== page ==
Allergic Rhinitis

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Ah, springtime! A time of growth in nature and a time of irritation for many people. This irritation usually begins at our nose and can travel in eight directions (east, west, south, north, in, out, up and down) to cause itchy eyes, sinusitis, headaches, sore throat, ear congestion, dizziness and infections.

Hay fever is a hypersensitivity reaction of our immunity to air-borne substances such as pollens, dust, dust mites, fur, animal dandruff, feathers, spores, molds, plants and chemicals. It is commonly called allergic rhinitis with symptoms of running nose, nasal congestion, postnasal drip, sneezing, itchy, reddened eyes, conjunctivitis, sore throat. Hay fever can also affect the trachea and the lungs, causing shortness of breath, chest congestion, wheezing and asthma. Hay fever frequently turns into a sinus infection, and when severe, fever and headaches.

Allergies tend to run in families, and those who suffer are likely to have children who
are affected by hay fever as well. All the above air-borne substances are allergens
causing the body to produce antibodies that release histamine. Histamines are what
cause the allergic reaction. Avoiding allergens can keep the symptoms at bay.
Conventional therapies call for antihistamines, decongestants, oral steroids, and
corticosteroid sprays, bronchodilator inhaler, and allergy injections. But using a
combination of natural remedies, alternative treatments such as Chinese medicine
may be all you need to relieve the symptoms. Furthermore, Chinese medicine can
be used to diagnose and treat the underlying imbalances that cause the allergies in
the first place.

Chinese medicine views the cause of allergies as an imbalance of our organ system.
This imbalance can be caused by excessive stress in our life, poor dietary choices,
sluggish digestion, and hormonal changes such as pregnancy, menopause and
others. When these organ imbalances are treated, the allergies usually improve. For
example, relieving one’s constipation and poor digestion frequently eliminates or
reduces allergy symptoms. Changing dietary habits such as reducing fatty foods,
dairy products, refined sugar, alcohol and caffeine will help. Meditation and leading a
less anxious life can reduce allergy symptoms.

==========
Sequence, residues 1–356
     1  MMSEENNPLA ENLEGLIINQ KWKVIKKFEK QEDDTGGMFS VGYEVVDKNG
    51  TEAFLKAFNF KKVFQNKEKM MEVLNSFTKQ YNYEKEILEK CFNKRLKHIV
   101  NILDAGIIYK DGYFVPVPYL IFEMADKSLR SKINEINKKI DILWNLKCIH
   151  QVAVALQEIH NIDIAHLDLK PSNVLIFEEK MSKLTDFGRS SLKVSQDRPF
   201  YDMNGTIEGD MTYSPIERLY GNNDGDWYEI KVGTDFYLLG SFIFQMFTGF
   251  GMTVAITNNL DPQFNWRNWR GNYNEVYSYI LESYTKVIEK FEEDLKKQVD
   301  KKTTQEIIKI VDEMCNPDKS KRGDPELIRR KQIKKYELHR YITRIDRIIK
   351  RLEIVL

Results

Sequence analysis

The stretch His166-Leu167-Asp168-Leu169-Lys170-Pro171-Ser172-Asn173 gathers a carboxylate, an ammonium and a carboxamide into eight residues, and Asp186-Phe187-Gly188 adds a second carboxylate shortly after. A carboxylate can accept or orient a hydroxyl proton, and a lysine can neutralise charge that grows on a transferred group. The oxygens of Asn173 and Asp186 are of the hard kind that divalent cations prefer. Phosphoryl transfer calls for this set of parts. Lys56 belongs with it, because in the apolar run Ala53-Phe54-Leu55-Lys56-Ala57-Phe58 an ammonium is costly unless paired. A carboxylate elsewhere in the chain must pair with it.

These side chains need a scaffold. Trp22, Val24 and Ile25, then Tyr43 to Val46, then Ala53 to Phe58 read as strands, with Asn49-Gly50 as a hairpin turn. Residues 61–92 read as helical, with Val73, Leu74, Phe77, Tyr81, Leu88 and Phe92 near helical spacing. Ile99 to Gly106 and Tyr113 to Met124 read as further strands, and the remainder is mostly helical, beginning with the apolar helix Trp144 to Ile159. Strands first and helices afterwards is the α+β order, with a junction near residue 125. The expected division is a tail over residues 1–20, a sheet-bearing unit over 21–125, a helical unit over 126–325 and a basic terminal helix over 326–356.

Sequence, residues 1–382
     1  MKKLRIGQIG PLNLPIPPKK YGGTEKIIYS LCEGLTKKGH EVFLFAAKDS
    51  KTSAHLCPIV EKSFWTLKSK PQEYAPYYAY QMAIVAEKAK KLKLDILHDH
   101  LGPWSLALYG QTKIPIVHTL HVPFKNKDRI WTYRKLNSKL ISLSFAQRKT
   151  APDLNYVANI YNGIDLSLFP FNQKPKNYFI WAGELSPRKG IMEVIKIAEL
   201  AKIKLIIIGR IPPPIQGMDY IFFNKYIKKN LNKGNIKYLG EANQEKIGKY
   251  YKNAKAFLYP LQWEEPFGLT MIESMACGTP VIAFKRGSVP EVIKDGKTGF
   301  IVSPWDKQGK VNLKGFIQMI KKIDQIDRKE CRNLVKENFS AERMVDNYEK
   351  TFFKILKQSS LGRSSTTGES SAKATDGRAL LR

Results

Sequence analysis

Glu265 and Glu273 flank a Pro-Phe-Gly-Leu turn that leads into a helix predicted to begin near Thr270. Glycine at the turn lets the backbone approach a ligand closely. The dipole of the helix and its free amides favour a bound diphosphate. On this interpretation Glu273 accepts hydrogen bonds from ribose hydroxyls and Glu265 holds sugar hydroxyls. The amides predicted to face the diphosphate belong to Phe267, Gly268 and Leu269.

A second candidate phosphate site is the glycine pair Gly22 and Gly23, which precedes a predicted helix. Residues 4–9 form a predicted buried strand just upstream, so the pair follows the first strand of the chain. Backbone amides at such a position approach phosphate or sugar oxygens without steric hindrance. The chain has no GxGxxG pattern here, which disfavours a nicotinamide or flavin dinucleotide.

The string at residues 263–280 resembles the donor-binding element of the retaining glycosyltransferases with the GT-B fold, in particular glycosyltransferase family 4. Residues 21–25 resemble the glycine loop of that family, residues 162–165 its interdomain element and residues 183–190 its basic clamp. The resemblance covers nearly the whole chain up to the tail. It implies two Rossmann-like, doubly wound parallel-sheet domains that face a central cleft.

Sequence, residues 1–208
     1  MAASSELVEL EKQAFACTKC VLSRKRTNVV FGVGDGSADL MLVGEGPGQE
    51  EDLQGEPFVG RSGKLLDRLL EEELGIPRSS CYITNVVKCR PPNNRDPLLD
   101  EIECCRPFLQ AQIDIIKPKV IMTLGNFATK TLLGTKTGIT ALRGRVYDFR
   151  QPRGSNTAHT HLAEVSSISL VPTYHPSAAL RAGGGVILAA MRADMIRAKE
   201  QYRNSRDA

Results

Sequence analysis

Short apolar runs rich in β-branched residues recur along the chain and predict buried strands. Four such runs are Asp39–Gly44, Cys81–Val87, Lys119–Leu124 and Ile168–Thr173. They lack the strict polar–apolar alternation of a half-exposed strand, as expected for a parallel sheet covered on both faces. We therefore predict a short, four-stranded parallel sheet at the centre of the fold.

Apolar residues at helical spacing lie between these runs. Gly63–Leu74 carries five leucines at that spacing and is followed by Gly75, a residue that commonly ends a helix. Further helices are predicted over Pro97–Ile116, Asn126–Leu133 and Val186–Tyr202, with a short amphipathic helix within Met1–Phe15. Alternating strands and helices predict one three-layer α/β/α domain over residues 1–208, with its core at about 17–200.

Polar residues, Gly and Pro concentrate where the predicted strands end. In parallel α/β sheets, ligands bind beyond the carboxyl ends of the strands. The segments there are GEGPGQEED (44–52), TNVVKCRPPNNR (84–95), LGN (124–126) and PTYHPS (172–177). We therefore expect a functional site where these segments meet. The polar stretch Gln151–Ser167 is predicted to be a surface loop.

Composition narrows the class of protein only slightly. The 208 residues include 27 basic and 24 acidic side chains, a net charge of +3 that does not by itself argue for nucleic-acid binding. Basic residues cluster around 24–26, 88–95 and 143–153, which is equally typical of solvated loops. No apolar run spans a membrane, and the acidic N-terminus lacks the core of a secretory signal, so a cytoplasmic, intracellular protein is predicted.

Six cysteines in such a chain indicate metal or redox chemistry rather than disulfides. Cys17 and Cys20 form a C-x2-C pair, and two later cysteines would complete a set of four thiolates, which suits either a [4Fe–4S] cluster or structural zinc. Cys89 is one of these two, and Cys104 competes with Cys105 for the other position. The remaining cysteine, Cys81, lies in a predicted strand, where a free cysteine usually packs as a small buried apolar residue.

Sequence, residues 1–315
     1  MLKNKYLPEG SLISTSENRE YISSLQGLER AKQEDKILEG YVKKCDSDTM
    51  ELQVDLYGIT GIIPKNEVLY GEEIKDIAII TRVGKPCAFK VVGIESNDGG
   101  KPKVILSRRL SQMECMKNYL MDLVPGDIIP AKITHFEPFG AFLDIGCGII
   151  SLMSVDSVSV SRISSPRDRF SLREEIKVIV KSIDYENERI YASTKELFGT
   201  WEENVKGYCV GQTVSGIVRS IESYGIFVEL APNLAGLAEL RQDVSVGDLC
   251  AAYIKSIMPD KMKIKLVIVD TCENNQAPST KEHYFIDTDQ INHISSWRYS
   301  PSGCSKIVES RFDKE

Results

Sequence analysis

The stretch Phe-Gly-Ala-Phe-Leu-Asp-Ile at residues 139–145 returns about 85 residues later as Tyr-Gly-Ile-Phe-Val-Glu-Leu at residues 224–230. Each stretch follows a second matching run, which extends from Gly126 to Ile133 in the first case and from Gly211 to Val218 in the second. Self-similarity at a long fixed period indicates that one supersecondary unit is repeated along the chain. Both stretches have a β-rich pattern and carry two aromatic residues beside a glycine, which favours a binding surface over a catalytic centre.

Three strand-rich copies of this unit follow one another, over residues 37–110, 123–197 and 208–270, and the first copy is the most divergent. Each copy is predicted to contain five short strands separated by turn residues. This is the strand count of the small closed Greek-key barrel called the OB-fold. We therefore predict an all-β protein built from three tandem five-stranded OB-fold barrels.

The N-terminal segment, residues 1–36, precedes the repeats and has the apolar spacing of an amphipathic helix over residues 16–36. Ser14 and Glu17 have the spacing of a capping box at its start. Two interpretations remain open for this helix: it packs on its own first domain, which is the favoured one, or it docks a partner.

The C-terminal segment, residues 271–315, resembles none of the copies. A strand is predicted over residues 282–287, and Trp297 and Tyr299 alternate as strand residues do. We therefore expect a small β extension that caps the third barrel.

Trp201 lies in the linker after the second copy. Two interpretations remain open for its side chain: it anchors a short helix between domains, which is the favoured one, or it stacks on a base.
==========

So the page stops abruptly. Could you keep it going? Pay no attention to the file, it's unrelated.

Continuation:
Dental problems can also affect the sinus. Underlying dental infections should be
treated since about 20 percent of people with chronic sinus problems usually have
an underlying dental infection. Good dental hygiene is crucial and herbs such as
dandelion, gentian root, elder flowers can be used for dental infections.

A good night of sleep helps to calm our nerves and reduce our hypersensitivity. Most
adults need about eight hours of restful sleep, while children need nine to ten hours.
Regular exercise is important for improving blood circulation, relaxing the nervous
system, relaxing our immune system. A home remedy of saline drainage can also be
helpful in some situations. Mix three teaspoonfuls of salt with warm water. In the
shower, tilt your head back and slowly pour the saline water into your nostrils. It may
burn initially, but you may also feel better in the morning when you wake up.

In acupuncture treatments, the lung and large intestine channels are frequently
targeted. Lung and large intestines are sister organs in the Chinese Medicine point
of view. Any congestion build up in either organ can affect the other and cause sinus
symptoms. A frequently used point, Large Intestine 20, located right next to both
sides of the nose, in the groove beside each nostril, is an effective point for sinus
allergy. Massages can also be applied on this point by using both index fingers,
applying steady, penetrating finger pressure to both points for three minutes every
half hour until symptoms get better. Herbs such as stinging nettle, lonicera,
chrysanthemum, folium mori, angelica, magnolia, can be used for sinus allergy and
infection. And most importantly, preventive measures should be considered as the
allergy season begins. When one abuses their body in the winter, one might suffer
greatly from allergies and infections in the spring. Conscious health habits in the
winter help to have a better spring.


  1. Shots might seem like an unusual way to treat allergies, but they’re effective at decreasing sensitivity to triggers. The substances in the shots are chosen according to the allergens identified from a person’s medical history and by the allergist during the initial testing. The U.S. Food and Drug Administration (FDA) oversees the standards used in preparing the materials for allergy shots given in the United States.

  2. Symptoms of allergic rhinitis resemble a cold, but they are not caused by a virus the way a cold is. When you breathe in an allergen, your immune system springs into action. It releases substances known as IgEs into your nasal passages, along with inflammatory chemicals such as histamines. Your nose, sinuses, or eyes may become itchy and congested. Scientists aren’t sure what causes your immune system to overreact to an allergen.^;;’

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  3. Stinging nettle above ground parts are used along with large amounts of fluids in so-called “irrigation therapy” for urinary tract infections (UTI), urinary tract inflammation, and kidney stones (nephrolithiasis). The above-ground parts are also used for allergies, hayfever, and osteoarthritis.^:,*

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